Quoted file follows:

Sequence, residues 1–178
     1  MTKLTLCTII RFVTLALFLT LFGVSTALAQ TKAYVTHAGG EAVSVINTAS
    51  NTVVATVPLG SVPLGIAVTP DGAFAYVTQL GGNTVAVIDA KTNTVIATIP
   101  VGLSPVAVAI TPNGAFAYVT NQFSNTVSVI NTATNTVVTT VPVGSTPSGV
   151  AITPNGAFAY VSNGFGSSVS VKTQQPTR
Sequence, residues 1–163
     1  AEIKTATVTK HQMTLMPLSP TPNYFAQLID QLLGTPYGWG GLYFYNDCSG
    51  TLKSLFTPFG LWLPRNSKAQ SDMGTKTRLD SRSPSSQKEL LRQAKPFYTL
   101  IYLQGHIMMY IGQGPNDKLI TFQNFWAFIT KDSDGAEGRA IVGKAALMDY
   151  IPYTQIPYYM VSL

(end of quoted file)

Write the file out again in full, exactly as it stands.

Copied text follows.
Sequence, residues 1–178
     1  MTKLTLCTII RFVTLALFLT LFGVSTALAQ TKAYVTHAGG EAVSVINTAS
    51  NTVVATVPLG SVPLGIAVTP DGAFAYVTQL GGNTVAVIDA KTNTVIATIP
   101  VGLSPVAVAI TPNGAFAYVT NQFSNTVSVI NTATNTVVTT VPVGSTPSGV
   151  AITPNGAFAY VSNGFGSSVS VKTQQPTR
Sequence, residues 1–163
     1  AEIKTATVTK HQMTLMPLSP TPNYFAQLID QLLGTPYGWG GLYFYNDCSG
    51  TLKSLFTPFG LWLPRNSKAQ SDMGTKTRLD SRSPSSQKEL LRQAKPFYTL
   101  IYLQGHIMMY IGQGPNDKLI TFQNFWAFIT KDSDGAEGRA IVGKAALMDY
   151  IPYTQIPYYM VSL